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  #13  
Old 15th May 2011, 22:23
trotterdotpom trotterdotpom is offline  
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  #14  
Old 16th May 2011, 01:37
Tony Collins Tony Collins is offline  
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JC, I did sayi IF you wanted to do it properly, I am aware that some people will circumvent rules simply because they can. Strictly speaking even using a hand held radio, if you are transmitting from a vessel, that vessel requires a licence, (and a call sign).

On the other hand, I am sure that any station picking up an emergency call is unlikely to ask the caller for his licence number!
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  #15  
Old 17th May 2011, 05:56
Naytikos Naytikos is offline  
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Until about ten years ago, when cell-phones became really cheap, every taxi here had a marine VHF as did their dispatchers. Easy and cheap to purchase and plenty of channels to choose from; also enables one to keep in touch with home or colleagues when out fishing.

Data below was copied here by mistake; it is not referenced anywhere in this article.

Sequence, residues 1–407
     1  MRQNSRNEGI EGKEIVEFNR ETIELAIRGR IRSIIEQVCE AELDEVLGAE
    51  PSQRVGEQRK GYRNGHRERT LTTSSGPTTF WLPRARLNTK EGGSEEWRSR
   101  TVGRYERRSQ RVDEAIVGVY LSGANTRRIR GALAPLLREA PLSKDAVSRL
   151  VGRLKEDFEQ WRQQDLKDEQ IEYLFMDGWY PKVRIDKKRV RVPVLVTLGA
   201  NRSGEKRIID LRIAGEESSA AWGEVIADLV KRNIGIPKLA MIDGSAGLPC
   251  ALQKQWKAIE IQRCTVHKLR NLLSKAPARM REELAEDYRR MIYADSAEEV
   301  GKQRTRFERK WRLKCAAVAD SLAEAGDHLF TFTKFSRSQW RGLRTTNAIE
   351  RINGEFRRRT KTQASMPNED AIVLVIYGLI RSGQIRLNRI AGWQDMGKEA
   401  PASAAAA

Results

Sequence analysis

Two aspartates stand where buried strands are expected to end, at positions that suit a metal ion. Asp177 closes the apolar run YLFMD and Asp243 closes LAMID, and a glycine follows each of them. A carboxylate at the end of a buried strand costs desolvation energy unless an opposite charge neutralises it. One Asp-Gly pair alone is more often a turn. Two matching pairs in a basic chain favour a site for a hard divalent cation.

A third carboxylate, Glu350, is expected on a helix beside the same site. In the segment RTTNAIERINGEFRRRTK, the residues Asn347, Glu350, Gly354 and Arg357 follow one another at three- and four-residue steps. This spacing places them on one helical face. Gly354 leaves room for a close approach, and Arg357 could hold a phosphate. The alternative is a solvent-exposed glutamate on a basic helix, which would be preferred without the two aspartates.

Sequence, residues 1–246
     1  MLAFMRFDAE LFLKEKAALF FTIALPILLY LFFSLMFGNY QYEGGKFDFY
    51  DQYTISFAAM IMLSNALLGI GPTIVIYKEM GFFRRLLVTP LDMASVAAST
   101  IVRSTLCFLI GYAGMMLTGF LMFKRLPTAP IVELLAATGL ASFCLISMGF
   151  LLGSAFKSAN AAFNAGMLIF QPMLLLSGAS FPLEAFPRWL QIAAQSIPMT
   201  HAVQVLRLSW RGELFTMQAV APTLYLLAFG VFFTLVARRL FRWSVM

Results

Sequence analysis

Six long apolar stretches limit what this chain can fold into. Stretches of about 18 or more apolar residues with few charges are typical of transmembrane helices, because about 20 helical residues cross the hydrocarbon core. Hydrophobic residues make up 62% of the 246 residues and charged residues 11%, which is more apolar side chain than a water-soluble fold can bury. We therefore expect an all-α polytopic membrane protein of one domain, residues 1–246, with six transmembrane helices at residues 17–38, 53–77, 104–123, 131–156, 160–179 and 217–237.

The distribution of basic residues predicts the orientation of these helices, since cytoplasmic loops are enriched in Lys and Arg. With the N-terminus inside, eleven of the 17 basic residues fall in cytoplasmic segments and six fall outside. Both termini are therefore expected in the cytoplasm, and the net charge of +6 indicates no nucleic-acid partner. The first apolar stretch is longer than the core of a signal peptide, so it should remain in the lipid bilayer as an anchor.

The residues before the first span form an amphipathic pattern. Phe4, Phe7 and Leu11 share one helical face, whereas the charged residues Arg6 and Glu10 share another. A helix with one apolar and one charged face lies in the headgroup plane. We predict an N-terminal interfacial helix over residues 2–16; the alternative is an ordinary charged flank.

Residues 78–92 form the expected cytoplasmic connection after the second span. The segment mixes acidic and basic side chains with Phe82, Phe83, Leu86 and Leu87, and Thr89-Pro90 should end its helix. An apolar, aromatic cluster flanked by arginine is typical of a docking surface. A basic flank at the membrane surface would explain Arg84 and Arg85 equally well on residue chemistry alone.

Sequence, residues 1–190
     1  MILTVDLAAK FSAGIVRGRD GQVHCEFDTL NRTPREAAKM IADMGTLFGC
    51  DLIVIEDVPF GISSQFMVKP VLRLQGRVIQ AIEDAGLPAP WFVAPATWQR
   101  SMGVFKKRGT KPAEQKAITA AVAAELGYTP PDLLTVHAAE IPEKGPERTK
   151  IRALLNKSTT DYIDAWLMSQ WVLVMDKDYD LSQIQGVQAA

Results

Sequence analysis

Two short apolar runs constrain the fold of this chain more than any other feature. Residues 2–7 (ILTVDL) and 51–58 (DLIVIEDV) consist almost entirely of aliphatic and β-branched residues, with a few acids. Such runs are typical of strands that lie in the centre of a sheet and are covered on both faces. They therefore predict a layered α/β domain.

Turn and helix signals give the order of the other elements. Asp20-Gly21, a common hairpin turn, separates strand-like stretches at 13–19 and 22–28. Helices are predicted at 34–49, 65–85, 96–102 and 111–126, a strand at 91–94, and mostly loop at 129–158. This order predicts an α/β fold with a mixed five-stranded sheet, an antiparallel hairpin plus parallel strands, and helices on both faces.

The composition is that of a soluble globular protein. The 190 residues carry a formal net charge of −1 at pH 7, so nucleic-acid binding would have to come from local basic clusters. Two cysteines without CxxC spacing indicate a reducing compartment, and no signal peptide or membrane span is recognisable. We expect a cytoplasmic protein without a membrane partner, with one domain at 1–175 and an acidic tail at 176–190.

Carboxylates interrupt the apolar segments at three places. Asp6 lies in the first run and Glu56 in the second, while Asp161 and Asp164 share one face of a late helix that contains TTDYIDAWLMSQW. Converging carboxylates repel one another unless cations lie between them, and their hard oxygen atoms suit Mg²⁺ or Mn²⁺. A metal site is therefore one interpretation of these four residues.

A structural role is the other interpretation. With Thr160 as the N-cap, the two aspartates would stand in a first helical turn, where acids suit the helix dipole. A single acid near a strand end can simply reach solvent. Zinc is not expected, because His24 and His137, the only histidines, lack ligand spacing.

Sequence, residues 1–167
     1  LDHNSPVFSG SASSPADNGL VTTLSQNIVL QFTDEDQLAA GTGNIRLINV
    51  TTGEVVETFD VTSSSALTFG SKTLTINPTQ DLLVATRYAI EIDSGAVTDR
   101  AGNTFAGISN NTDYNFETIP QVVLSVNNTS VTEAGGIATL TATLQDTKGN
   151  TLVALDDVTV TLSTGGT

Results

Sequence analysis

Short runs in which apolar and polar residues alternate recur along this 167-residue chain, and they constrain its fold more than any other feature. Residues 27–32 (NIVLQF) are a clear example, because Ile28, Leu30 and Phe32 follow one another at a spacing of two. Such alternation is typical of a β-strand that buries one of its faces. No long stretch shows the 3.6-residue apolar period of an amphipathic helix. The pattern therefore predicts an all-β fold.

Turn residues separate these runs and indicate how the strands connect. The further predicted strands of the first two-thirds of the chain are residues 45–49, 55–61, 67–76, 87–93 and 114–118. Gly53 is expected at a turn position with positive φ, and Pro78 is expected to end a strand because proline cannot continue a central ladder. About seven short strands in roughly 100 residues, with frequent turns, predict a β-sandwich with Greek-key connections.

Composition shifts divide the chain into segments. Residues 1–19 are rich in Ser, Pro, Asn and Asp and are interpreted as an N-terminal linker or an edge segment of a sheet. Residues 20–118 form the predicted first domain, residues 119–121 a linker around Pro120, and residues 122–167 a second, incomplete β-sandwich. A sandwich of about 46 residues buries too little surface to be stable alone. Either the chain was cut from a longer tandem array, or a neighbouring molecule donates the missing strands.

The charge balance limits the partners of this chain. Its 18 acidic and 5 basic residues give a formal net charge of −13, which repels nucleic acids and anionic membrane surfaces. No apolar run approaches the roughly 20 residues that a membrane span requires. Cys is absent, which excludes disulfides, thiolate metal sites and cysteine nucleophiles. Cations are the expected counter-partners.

I'm not saying I agreed or disagreed with the practice, but at the time I was part of the regulatory system and we took the decision that it was politically impossible to do anything about it.

Reading between the lines, I wouldn't doubt that Eric has the idea of using VHF to stay in touch with his son-in-law, who could at least be assured of a familiar voice on the other end if he needs help.

I have never heard anything about the 'Authority to Operate' granted by PMG certificates being rescinded and therefore Eric should be covered; I cannot, however, comment upon the situation with regard to operating a shore station.

I would say though, if it was me I would buy the transceivers and not publish the fact on SN or anywhere else.
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  #16  
Old 26th May 2011, 23:37
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Restricted RT Licence

I've still got my restricted RT Licence (see thumbnails). Can I still use it? I will anyway.
Attached Images
File Type: jpg RT licence 2a.jpg (189.4 KB, 24 views)
File Type: jpg RT licence 2.jpg (208.8 KB, 17 views)
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  #17